Because they don’t want to screw up. In business, men usually feel in control of their situation, they are linear thinkers. In love-there’s no control of the outcome.
Psychology Today reports “Men tend to be very linear—they go from point A to point B. Women, on the other hand, tend to think more globally and consider the big picture.”
So what can we do?
- We as women, can be patient when men talk with us, give them time and space to express themselves and understand they don’t communicate like our female friends. Women can toggle back and forth between head and heart in seconds. Men are linear. They think and feel -but not necessarily at the same time. It takes them longer to process their emotions.
Too often we think our men won’t share their feelings or shoot straight, yet the truth is, they will if we give them some time to feel and express them.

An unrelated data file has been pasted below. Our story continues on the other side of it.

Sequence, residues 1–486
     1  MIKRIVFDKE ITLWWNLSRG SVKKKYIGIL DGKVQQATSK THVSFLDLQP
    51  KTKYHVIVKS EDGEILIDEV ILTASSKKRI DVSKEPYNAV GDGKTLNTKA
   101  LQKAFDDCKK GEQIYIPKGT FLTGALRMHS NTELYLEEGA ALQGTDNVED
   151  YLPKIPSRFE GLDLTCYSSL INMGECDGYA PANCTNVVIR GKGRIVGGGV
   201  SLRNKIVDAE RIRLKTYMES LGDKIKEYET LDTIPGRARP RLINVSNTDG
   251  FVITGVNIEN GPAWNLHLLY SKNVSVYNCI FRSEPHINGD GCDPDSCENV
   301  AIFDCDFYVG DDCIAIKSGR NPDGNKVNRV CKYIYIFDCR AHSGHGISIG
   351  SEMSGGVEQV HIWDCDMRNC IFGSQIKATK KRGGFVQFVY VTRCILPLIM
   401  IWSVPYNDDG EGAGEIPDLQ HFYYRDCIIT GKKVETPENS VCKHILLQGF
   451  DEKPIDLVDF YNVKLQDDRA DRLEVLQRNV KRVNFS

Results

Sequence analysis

I tell female clients to count to 10 silently after their men stop talking to give them a chance to feel, think and speak again. 9 out of 10 times, they do.
In business and with other males, men shoot straight because their hearts aren’t involved. In relation to you—it is.
Have you ever witnessed someone speaking English louder and louder to someone who clearly doesn’t speak the same language? Expecting our men to communicate like our female friends is just like that—a dead end. There’s no right or wrong when it comes to male versus female communication patterns, there are only differences. When we understand these differences, speaking the universal language of love gets a whole lot easier.
Photo: Photo Extremist/Flickr